Stress recognition supported by smartphones

A low-cost mobile electrocardiographic system for stress recognition

Constance, July 2014. According to the World Health Organisation (WHO), stress is recognized as a predominant disease with raising costs for treatment and rehabilitation. Each person perceives the stress in a subjective way; therefore, it is important to support an objective way detecting stress in mobile environments. While some people may have clear indications to recognize stress, others will not notice when they pass the threshold from being ‘busy’ to be ‘under stress’. Besides the traditional analysis of stress via the salivary cortisol level test, a growing availability of sensors enabled an alternative approach for non-invasive measurement of biological data relevant for stress detection. 

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Wilhelm Daniel Scherz proposes a low-cost mobile electrocardiographic system for stress recognition. He developed the system in his Master Thesis at HTWG Konstanz that he presented on July 31, 2014.

The system collects the electronic characteristics of the heart and analyses the extracted characteristics. It is divided into four different hardware components. The first step made by the system is to extract the ECG signal from the user with electrodes, converting low electrical impulses into analogue voltage. The amplified signal will variegate according to the ECG signal. Then the signal is quantitated and the time needed for the operations is measured. After the data is calculated and the interval is measured, the data will be sent to the end device where the QRS data is extracted and the heartbeats are correlated. The correlated heartbeats represent the stress level. The stress level will be shown to the user as a visual feedback and later it can be used for informing and making recommendations to the user about his current stress status.

 Stress system architecture

System architecture

One of the biggest challenges in this work is the extraction and interpretation of the biological data and signals. Therefore, several specific algorithms have been developed like for the extraction of the heart rate from the ECG signal or the calculation of stress using these heart rates. For the prototype, a lightweight and resource friendly solution, capable of working on a small microcontroller have been set as a strong boundary condition.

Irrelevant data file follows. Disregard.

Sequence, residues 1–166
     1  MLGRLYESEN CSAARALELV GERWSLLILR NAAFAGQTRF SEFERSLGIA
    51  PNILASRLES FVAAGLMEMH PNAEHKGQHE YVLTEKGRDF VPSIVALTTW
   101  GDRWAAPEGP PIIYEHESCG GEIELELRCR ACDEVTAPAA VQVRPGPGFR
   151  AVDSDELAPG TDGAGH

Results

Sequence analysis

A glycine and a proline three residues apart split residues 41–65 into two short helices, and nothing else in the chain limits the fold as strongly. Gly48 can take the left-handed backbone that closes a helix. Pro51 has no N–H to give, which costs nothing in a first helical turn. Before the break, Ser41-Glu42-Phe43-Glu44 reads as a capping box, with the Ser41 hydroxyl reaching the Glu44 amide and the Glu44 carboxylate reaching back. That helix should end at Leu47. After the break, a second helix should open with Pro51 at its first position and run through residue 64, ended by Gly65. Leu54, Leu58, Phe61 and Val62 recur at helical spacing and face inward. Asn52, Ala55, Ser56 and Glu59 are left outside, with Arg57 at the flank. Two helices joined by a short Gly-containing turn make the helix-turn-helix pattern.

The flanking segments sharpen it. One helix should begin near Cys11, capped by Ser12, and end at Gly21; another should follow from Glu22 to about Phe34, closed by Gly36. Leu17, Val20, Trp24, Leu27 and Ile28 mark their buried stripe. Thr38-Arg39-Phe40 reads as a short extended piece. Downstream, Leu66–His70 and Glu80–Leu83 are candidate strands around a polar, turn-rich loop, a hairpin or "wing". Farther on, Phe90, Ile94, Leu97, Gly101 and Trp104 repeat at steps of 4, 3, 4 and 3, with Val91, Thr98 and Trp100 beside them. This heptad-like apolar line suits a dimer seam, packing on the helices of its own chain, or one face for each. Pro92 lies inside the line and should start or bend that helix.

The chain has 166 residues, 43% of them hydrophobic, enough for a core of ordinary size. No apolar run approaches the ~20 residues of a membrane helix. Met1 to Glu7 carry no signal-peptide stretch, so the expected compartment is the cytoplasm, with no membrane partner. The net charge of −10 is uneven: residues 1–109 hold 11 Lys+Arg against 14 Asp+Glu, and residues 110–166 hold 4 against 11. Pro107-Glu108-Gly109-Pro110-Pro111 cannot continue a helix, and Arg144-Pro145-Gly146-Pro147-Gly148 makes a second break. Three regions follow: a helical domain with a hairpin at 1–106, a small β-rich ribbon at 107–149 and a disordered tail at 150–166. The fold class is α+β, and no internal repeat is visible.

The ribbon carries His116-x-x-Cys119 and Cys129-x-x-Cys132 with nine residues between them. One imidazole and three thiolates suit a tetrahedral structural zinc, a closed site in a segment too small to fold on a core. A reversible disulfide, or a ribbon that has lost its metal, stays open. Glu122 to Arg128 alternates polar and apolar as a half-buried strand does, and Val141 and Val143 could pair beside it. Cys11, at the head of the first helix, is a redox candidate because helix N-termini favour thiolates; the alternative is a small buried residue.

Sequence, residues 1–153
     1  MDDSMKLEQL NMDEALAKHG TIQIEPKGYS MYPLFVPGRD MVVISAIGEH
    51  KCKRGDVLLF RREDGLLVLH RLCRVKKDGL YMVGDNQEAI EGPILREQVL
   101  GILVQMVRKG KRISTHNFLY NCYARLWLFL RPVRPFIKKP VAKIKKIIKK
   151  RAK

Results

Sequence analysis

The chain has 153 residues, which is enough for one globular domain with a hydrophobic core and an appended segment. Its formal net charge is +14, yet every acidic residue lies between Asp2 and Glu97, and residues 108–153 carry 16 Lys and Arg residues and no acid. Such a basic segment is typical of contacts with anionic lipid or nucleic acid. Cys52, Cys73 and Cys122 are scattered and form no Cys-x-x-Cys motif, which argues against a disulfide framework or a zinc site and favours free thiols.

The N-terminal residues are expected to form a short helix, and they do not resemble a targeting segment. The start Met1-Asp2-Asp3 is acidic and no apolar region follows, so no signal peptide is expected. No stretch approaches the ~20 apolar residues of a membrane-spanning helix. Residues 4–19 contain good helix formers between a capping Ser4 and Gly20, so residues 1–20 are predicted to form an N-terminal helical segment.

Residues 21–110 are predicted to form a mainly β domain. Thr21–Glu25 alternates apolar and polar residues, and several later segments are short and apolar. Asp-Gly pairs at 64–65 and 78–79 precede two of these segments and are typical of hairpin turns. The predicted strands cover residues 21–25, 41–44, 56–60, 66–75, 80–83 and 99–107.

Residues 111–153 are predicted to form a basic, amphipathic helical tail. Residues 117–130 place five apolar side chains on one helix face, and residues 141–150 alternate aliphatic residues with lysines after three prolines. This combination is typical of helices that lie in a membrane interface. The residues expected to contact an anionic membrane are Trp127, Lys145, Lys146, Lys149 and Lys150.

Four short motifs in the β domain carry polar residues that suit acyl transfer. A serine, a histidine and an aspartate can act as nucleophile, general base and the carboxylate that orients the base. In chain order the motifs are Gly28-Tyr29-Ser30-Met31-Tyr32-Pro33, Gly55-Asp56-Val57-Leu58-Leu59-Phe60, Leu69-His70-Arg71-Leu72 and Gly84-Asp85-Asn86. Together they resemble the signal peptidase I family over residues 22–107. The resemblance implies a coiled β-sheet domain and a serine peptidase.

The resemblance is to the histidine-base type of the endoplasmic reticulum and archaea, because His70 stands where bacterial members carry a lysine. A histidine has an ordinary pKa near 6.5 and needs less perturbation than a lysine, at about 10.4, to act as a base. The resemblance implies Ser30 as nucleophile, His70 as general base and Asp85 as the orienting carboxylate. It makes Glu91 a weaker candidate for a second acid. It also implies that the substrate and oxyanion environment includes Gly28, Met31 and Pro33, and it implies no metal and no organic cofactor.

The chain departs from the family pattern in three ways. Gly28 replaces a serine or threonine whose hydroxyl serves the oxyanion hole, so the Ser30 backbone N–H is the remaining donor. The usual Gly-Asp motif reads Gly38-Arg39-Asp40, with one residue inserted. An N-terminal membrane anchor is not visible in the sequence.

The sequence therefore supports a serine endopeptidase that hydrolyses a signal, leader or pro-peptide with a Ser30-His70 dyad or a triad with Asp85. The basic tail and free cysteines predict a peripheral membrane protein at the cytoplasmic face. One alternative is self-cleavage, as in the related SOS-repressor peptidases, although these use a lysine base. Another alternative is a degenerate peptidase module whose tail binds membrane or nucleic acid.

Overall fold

The stress detection system was embedded into two parts: the first part is the hardware that is in charge of capturing the heartbeat and providing an analogue to digital conversion. The second part is the software, in charge of providing the analysis of the data (stress detection algorithm). Due to the fact that the system should be small, low-cost and light-weighted in terms of resources required, a small microcontroller should be used. The ECG data is extracted and pre-processed by the sensor shield. The Arduino Uno receives the data as analogue input and it forwards this to a PC or mobile device (smart phone) via serial communication like COM or with the help of a Bluetooth interface. The algorithm is implemented in software and executed only on the microcontroller. Currently, the data is logged via C# and analyzed with Matlab.

The presented work shows a possibility to detect stress with a reduced set of data detected by a light-weighted embedded system. The system uses a small and cheap microcontroller, enabling real-time stress detection. Different interfaces provide access for wired and wireless terminals like smartphones or desktop PCs. The algorithm developed is implemented with a small footprint and it is fitting into small prototyping boards. As an example, the system has been integrated into an Arduino Uno board, leaving space for further features, like data storage on a local smart card, more powerful Bluetooth bridges, WiFi-connection, GSM connectivity or embedded displays.

A more detailed discussion of the system and the results achieved will be provided during the 6th European Conference of the International Federation for Medical and Biological Engineering (MBEC 2014). The work of the Master Thesis has been accepted as full-paper after a peer-review process.


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